- Museum number
Female figure carved in wood, with inlaid shell eyes and painted natural pigment.
- Production date
Height: 180.50 centimetres
Width: 23 centimetres
Depth: 11 centimetres
- Curator's comments
Information from Pacific Art in Detail: This life-size female figure was part of a crowd of similar, mostly male figures in the men's house of Sarikim village, in the East Sepik province of Papua New Guinea. This female embodies a powerfull spirit of the clan 'nggwalndu' and was carved through a long series of initiations.
The 'nggwalndu' figures generally feature a peaked headdress, painted face and body decorations. This particular one is topped with a pair of hornbill birds, one of the most important totems of the Abelam. The pigments covering the figures are considered magical, giving the figures their beauty and power.
It takes an Abelam man twenty to thirty years to conplete the full sequence of eight ceremonies required for him to become fully initiated. The rituals occur in the men's house 'korombo', surrounded by a dazzling array of painted boards and adorned figures. As the men reach each new stage they are shown new objects. At the final stage, two large 'nggwalndu' figures are revealed: the actual sacred objects that only the initiated may see.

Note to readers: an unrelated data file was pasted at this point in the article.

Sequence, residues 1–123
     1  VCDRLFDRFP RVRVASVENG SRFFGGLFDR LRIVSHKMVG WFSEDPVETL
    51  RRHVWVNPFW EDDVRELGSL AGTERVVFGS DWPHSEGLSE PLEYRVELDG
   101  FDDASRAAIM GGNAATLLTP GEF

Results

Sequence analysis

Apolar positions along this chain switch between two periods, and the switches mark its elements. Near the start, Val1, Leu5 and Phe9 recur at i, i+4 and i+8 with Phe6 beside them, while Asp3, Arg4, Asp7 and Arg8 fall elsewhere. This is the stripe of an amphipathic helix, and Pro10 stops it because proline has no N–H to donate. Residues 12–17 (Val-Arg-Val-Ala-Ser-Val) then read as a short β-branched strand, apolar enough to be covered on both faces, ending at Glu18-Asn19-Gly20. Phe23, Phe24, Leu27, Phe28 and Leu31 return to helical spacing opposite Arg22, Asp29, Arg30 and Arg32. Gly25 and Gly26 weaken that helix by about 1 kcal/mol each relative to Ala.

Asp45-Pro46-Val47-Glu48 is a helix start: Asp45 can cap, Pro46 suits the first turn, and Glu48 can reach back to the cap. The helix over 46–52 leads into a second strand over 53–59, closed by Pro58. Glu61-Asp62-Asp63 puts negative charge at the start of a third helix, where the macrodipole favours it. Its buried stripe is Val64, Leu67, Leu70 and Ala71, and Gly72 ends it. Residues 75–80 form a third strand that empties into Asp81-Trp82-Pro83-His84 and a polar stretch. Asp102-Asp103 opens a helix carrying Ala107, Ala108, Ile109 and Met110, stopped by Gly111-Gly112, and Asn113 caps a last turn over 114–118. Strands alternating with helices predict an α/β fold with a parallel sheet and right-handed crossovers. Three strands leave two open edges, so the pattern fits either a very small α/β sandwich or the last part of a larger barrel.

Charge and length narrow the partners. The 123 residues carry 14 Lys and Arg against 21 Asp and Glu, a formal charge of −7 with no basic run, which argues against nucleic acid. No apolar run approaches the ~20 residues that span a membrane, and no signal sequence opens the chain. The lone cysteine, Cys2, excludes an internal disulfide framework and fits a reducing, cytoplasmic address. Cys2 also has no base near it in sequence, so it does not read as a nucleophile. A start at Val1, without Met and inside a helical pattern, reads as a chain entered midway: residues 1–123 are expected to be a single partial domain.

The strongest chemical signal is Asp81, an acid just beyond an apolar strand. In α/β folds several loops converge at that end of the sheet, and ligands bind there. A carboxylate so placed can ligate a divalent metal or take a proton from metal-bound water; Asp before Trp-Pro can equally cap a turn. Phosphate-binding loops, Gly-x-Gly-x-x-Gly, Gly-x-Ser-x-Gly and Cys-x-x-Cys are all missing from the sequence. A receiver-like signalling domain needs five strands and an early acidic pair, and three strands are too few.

Another similar [to Oc1980,11.109] but female.
See Eth. Doc. 954.
Photographs in Dept. Pictorial Archive.
- Not on display
- Acquisition date
- Acquisition notes
- Collection made between 5 August and 7 September 1980 in the village of Sarikim, Wosera Sub-district, Maprik District, East Sepik Province, Papua New Guinea, by the British Museum staff (Dorota C. Starzecka with the assistance of David John Lee, Conservation Department), consisting mainly of the contents of the Sarikim ceremonial house, with some additional material from Sarikim and other neighbouring villages.
- Africa, Oceania and the Americas
- Registration number